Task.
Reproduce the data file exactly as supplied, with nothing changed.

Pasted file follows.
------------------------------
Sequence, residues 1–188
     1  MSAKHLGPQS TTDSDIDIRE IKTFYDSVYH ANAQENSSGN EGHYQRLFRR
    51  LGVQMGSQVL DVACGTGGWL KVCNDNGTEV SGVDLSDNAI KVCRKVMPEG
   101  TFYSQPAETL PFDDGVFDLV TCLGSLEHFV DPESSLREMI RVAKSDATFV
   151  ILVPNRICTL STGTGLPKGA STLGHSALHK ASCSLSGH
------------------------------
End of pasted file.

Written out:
Sequence, residues 1–188
     1  MSAKHLGPQS TTDSDIDIRE IKTFYDSVYH ANAQENSSGN EGHYQRLFRR
    51  LGVQMGSQVL DVACGTGGWL KVCNDNGTEV SGVDLSDNAI KVCRKVMPEG
   101  TFYSQPAETL PFDDGVFDLV TCLGSLEHFV DPESSLREMI RVAKSDATFV
   151  ILVPNRICTL STGTGLPKGA STLGHSALHK ASCSLSGH